Using fMRI to assess patterns of brain activity associated with a simple visuomotor response behavior, that is, power-grip hand squeeze, we were able to compare patterns of activation related to movements between those with and without AD. Although both groups activated some brain regions in common, conventional and PPI analyses were able to detect differences between groups in connectivity with motor cortex, most notably in visual and motor association pathways. Specifically, using PPI, we were able to capture a broader map of regions in AD that were correlated with the moment-to-moment activation of M1 as a function of the experimental task, rather than the generally increased activation of the conventional block design analysis. Although the absence of behavioral data limits interpretation of the results, these findings fit the growing literature that neuromotor activity supporting movement is altered in early-stage AD. These differences may not have been detected if we had employed a resting-state analysis or a priori model of motor cortex connectivity.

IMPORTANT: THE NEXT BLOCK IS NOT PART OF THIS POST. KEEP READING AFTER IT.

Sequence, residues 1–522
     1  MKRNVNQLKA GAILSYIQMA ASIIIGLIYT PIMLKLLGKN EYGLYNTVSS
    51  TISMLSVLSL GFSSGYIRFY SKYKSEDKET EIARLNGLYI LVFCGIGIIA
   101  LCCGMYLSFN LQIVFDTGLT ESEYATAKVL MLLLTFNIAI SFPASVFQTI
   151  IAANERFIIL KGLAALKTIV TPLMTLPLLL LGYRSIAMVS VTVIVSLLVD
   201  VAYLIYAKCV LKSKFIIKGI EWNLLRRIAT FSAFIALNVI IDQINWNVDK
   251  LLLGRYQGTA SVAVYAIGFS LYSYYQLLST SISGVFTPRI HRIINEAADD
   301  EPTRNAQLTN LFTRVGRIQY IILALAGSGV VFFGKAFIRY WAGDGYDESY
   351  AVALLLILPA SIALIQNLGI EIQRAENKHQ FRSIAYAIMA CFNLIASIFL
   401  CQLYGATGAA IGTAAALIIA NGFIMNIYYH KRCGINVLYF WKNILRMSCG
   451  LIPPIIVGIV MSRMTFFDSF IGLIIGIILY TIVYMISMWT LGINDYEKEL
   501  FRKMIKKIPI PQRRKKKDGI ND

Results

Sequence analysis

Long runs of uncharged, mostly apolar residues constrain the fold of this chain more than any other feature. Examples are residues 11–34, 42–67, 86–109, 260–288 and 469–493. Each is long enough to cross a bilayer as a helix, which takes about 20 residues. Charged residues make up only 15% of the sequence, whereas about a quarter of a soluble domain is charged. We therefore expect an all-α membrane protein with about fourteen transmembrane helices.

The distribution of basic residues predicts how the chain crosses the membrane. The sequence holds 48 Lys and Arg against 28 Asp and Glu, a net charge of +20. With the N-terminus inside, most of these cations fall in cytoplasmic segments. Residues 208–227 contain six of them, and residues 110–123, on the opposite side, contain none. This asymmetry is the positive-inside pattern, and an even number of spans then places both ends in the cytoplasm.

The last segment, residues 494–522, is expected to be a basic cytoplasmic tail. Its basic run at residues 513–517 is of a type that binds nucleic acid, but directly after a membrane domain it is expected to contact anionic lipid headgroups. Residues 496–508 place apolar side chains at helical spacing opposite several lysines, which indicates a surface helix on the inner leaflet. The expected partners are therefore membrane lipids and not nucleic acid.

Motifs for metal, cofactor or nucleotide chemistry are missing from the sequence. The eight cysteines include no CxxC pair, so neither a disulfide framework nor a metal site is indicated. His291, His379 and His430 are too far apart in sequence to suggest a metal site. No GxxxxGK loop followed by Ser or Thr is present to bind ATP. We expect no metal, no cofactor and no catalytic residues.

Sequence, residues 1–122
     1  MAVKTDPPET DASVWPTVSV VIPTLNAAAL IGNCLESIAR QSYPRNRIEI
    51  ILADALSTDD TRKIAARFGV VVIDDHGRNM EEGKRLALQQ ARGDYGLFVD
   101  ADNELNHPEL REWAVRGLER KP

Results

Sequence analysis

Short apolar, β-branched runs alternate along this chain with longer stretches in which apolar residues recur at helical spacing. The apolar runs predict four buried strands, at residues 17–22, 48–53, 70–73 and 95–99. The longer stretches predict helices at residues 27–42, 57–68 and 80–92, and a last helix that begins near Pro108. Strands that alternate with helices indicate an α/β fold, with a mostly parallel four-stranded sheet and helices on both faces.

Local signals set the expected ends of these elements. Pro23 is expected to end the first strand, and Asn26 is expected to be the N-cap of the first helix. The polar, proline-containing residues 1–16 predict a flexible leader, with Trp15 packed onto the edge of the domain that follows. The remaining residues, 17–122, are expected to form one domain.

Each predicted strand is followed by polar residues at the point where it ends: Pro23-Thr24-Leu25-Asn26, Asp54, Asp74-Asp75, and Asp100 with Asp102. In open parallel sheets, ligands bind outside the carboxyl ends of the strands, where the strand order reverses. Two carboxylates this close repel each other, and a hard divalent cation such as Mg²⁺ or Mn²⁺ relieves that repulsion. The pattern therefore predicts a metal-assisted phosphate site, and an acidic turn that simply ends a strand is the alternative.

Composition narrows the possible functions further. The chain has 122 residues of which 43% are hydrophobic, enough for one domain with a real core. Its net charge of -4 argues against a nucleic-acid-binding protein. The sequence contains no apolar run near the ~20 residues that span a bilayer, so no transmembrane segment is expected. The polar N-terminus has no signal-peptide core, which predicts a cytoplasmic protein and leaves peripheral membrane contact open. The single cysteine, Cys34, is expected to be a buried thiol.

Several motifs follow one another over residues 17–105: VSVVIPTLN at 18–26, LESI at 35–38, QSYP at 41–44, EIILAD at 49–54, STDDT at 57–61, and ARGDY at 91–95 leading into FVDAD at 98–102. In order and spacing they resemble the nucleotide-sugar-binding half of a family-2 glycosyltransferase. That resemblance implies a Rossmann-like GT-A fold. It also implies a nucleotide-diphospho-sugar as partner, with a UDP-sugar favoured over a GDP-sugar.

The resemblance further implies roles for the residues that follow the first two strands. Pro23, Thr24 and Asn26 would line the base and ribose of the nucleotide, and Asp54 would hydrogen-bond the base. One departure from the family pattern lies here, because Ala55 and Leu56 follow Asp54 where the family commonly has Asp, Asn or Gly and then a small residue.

We found that while the groups shared some motor-related activation in left primary motor cortex, right cerebellum, left middle cingulate, left precentral gyrus and insula, and right postcentral and supramarginal gyri when assessed separately, the groups exhibit differences in activation when directly compared. Specifically, participants without dementia demonstrated greater activation in supplementary motor area and premotor cortex, commonly associated with motor preparation and planning,42 although this may also have been a result of variability in grip force43 or perhaps attentional differences.44 The reduced activity in these regions by the group with AD relative to their peers without dementia suggests either a failing motor planning system or an alternative strategy for informing motor response. Although it remains unclear what functional ramification this might have, the failure to sufficiently recruit motor planning regions during a motor task could be a neural substrate for loss of independence with activities ranging from self-care to driving.